ATTENTION: NEW DATE, SPEAKER for the Innovation Salon: On-Demand Economy
Much has been written about the “solopreneur” – the modern virtual entrepreneur. Some call this the gig economy or 1099 economy or on-demand economy. In the US, all employment growth since 2000 has been in the 1099 or part-time sector, and services such as Uber and Lyft are taking advantage of this – essentially, helping part-timers convert their finite hours into precious dollars. Providers can market the skills they have today, such as driving or repair skills; but how do they acquire the skills of tomorrow?
Google has launched two nanodegrees to help novice coders learn Android, including a new Android Basics nanodegree last week!
Since 1990, use of a part-time labor force in Japan has grown, and now some 40% of workers are temp or contract employees. Thanks to the growth in 1099s, the US has now “caught up” with Japan, and there’s opportunity to share best practices between the two countries. Can part-timers in Japan be tapped into by programs like Google’s to unlock new growth and expertise? Can full-time employers in Japan help their employees acquire new and essential skills for the digital economy?
In this program, Google’s Shanea King-Roberson and analyst and author Michi Kaifu of Enotech Consulting share their insights on providing essential skills for the on-demand economy, and how that can unlock growth in Japan.
Innovation Salons are periodic programs set in an intimate and interactive setting that explore current developments in Japan – U.S. innovation and entrepreneurship. These Salons, offered by the Japan Society of Northern California in cooperation with Stanford’s US-Asia Technology Management Center, complement the annual Japan – U.S. Innovation Awards Symposium held at Stanford University.
Michi Kaifu, CEO, Enotech Consulting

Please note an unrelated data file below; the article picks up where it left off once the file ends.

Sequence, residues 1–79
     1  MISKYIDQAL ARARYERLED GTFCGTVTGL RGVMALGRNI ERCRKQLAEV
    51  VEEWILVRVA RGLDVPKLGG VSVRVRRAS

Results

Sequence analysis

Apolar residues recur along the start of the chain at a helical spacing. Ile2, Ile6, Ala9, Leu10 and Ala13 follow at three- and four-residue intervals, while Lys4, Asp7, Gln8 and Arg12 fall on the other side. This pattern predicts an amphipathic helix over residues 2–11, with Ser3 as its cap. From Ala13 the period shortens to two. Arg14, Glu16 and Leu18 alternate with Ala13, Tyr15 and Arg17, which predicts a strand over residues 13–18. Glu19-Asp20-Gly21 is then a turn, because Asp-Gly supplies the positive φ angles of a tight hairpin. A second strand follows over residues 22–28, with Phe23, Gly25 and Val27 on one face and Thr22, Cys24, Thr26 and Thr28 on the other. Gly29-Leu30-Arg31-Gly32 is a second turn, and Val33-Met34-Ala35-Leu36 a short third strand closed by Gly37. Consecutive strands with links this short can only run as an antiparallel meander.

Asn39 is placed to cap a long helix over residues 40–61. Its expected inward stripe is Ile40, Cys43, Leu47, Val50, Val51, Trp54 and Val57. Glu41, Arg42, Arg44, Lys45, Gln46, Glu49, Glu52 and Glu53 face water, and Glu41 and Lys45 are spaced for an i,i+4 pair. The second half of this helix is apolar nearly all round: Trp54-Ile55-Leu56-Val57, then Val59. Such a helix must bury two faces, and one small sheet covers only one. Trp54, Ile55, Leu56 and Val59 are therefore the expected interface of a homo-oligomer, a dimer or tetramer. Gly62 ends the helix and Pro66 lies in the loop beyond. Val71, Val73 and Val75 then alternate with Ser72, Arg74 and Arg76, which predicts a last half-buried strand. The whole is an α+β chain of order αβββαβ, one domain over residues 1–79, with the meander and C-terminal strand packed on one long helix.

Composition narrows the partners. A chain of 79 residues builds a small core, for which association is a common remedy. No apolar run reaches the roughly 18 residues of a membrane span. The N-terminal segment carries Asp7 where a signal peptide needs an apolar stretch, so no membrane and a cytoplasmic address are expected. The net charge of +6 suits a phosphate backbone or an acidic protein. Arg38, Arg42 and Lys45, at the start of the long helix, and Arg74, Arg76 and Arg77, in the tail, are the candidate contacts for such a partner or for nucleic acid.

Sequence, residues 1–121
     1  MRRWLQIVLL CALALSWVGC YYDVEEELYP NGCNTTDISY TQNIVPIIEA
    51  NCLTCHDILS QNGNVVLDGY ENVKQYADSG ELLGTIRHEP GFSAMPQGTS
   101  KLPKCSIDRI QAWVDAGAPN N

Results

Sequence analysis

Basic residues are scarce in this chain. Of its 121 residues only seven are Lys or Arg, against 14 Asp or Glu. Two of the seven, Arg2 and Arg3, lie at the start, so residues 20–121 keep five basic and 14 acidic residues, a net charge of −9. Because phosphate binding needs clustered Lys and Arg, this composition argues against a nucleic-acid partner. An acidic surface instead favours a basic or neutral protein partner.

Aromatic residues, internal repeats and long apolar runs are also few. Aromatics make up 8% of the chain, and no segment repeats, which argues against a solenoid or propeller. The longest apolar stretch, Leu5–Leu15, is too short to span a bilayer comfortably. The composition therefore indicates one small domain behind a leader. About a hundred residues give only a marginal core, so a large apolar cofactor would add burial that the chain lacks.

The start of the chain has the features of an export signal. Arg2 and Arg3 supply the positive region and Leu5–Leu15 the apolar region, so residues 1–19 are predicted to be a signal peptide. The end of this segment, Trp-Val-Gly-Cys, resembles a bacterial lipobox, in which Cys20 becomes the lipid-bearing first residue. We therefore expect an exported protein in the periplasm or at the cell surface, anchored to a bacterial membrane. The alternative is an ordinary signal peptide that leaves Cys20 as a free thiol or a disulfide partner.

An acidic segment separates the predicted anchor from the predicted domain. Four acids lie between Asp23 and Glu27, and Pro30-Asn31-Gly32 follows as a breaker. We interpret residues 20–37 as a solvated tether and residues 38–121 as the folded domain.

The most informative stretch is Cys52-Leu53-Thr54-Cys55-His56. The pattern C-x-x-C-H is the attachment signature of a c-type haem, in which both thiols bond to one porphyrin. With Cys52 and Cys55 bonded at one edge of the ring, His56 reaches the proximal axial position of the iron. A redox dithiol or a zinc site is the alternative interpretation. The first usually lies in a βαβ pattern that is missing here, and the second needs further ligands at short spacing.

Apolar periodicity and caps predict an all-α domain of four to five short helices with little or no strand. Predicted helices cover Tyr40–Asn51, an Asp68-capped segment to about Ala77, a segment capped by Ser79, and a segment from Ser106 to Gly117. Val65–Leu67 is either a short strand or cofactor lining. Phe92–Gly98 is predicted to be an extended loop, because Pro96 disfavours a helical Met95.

Michi has over twenty years of international business development and consulting experience in the wireless and telecommunications industries. Michi formed ENOTECH Consulting in 1999, and since then, have advised numerous companies in the U.S. and Japan, in their global strategy. In 2008, her first book “Paradaisu Sakoku” (パラダイス鎖国）was published in Japan. She currently writes a monthly column “Tech Mom’s New Wave from Silicon Valley” on Nikkei Business Online, one of the top Japanese publication for business executives, as well as business trend reports on “WirelessWire News”, wireless industry publication, from time to time. A second book, “The Rulers of Big Data” (ビッグデータの覇者たち), was published in 2013. Previously, Michi worked at a start-up mobile carrier, NTT America, Bain & Co., and Honda Motor.
Shanea King-Roberson, Program Manager, Developer Products, Google
Shanea is a program manager at Google where she spearheads complex technology programs from Android to Internet of Things to Tech Entrepreneurship. She specializes in holistic programs that effectively balance budgets, stakeholder needs and those pesky schedules that never work out in the ever-changing world of technology. Prior to Google Shanea started a digital marketing agency helping women entrepreneurs, speakers and authors build their businesses online. Prior to that Shanea was a program analyst for the State of California. Shanea is extremely passionate about helping young, rockstar women achieve their business and professional goals.
Jon Metzler, Founder and President, Blue Field Strategies
Jon provides a variety of US and Asian technology, telecommunications and media clients with business, strategic and regulatory consulting services, including market analysis, due diligence, business development, PR and regulatory advocacy, and executive education. Jon has new business creation experience in print, TV, services, edtech, wireless broadband, wireless location, and events. Jon is also a Lecturer in the MBA program at the Haas School of Business, and a member of the board of the Japan Society of Northern California.
The event venue has been provided by generous support from: